), was the successor of Gregory of Nazianzus, and the predecessor of John Chrysostom, as bishop of Constantinople. His occupancy of the episcopal chair between two such men would have required extraordinary merit to make him conspicuous.
But, in truth, though he does not seem to merit the epithet applied to him by Gibbon, " the indolent Nectarius," the fact of his having been appointed at all is the most remarkable thing in his personal history. When Gregory, as has been related [Vol. II. p. 313], resigned his office, A. D. 381, it was during the meeting of the second oecumenical council at Constantinople. Nectarius, a senator, and a man of the highest family, was a native of Tarsus.
The ecclesiastical historians relate that, at this time, he intended to visit his native place, and previously waited on Diodorus, the bishop of Tarsus, who was in Constantinople attending the council. Diodorus, along with the other bishops, was perplexed as to whom they should nominate to the vacant see. Struck by the majestic appearance and the white hair of Nectarius, taking for granted that he had been baptized, Diodorus requested Nectarius to postpone his departure, and recommended him to Flavian. bishop of Antioch, as a fit person to succeed Gregory. Flavian laughed at the strange proposal, but, to oblige his friend, put his name last on the list, which he, as well as the other bishops, presented to the emperor. To the astonishment of all, Theodosius selected Nectarius, and persisted in his choice, even when it was ascertained that he had not yet been baptized.
The bishops at last acceded to the wish of the monarch, who had so stoutly opposed the Arians, while the people, attracted probably by the gentle manners and the venerable appearance of the man, presenting as he did every way a strong contrast to Gregory, loudly applauded the choice. Nectarius was baptized, and, before he had time to put off the white robes of a neophyte, he was declared bishop of Constantinople. Most important matters came under the consideration of the council, over which it is probable he was now called to preside.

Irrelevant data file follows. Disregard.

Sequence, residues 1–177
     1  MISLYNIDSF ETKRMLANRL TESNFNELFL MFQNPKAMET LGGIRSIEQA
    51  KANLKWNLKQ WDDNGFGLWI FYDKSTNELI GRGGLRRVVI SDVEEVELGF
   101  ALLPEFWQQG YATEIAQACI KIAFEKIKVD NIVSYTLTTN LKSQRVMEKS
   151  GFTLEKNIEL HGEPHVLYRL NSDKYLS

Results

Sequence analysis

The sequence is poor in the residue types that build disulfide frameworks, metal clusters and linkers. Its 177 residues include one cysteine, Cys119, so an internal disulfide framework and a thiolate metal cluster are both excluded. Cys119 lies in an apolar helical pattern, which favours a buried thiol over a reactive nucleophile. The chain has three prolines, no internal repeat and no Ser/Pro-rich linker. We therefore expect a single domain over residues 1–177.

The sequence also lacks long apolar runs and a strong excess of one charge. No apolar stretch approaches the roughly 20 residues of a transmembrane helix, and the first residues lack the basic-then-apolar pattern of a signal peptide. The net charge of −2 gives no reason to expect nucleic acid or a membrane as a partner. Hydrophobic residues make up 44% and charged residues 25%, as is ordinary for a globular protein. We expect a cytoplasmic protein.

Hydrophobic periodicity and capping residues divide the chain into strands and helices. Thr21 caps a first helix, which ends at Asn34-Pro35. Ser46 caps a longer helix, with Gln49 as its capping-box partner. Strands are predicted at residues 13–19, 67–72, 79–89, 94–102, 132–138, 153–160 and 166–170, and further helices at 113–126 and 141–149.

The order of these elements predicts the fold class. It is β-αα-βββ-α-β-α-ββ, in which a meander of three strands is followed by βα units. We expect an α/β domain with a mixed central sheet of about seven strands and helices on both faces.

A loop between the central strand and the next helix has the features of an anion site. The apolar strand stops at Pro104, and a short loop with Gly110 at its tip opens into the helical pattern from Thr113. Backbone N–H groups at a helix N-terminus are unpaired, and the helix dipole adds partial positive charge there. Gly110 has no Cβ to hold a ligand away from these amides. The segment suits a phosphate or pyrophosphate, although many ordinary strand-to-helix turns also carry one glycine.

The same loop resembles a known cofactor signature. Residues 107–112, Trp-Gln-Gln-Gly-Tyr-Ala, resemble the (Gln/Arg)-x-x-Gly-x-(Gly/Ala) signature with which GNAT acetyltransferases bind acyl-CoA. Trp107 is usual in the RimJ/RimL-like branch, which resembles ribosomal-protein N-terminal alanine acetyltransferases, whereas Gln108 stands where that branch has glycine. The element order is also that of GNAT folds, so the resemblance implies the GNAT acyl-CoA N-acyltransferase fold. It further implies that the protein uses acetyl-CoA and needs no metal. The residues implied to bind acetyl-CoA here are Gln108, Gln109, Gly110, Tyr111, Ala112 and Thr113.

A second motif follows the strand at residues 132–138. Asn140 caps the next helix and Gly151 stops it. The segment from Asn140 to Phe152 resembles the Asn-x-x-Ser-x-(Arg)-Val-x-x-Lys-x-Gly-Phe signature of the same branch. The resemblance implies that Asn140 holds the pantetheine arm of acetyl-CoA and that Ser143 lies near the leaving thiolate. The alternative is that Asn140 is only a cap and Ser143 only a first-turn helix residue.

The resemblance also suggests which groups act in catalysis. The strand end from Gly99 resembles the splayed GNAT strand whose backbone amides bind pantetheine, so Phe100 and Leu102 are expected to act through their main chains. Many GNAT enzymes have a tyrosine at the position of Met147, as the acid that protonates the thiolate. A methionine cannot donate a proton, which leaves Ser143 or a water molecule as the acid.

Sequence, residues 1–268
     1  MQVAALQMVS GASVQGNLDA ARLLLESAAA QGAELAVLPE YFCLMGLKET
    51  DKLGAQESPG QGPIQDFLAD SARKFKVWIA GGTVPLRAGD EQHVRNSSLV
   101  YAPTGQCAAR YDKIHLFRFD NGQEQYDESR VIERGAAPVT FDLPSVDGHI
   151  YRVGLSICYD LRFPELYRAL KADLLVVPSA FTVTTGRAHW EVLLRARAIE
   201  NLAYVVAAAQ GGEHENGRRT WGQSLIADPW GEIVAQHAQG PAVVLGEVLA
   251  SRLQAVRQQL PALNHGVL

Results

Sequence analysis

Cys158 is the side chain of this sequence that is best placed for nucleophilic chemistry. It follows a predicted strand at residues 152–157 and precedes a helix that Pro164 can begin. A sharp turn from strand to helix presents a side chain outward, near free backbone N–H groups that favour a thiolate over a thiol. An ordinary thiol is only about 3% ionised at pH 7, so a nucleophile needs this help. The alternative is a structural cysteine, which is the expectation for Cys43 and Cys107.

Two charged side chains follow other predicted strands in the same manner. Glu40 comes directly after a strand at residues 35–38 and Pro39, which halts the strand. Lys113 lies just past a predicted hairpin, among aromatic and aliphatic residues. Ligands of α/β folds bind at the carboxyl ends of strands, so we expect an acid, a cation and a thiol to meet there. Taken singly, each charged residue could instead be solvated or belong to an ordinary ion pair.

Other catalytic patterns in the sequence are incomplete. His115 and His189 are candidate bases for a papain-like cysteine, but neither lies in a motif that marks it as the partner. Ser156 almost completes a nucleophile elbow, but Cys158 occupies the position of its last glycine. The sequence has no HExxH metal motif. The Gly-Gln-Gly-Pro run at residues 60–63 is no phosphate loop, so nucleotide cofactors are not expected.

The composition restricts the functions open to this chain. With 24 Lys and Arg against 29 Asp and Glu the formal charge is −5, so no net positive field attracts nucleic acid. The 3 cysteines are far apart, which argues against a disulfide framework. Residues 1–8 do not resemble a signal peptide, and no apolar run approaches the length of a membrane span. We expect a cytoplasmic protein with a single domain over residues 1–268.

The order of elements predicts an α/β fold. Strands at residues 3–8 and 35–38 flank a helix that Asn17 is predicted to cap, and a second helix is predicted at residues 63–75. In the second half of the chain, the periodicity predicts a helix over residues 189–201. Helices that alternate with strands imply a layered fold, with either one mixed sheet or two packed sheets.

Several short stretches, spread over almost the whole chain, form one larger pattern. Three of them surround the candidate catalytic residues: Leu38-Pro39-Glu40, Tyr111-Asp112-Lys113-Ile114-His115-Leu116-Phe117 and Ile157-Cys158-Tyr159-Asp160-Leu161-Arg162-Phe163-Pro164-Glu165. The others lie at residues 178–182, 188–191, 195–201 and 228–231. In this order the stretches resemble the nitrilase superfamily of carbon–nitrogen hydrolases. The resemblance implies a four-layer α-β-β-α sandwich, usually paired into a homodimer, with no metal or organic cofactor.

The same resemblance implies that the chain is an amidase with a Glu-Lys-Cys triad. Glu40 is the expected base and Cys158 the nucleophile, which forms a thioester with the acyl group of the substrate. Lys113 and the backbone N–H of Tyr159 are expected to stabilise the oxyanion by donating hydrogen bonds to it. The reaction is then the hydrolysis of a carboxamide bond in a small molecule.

He showed his discretion by putting himself under the tuition of Cyriacus, bishop of Adana; but we can hardly believe that he took any active part in the theological questions which were discussed.
It is doubtful whether the canons that were enacted, under the name of the second oecumenical council, were not passed at two different sessions, a second taking place in 382.
But this does not matter much, as they all bear the name of this council.
The principal business transacted in the council, theologically considered, related to the confirming and extending of the Nicene Creed, mainly to meet the opinions of the Macedonians.
The creed thus enlarged is that used at the mass of the Roman Catholic church. Other canons regulated discipline, the restriction of the authority of each bishop to his own diocese, and the restoration of penitent heretics.
The most important article of all, however, historically considered, was one which was conceded not more to the natural propriety of the arrangement, than to the personal favour which the emperor bore to Nectarius.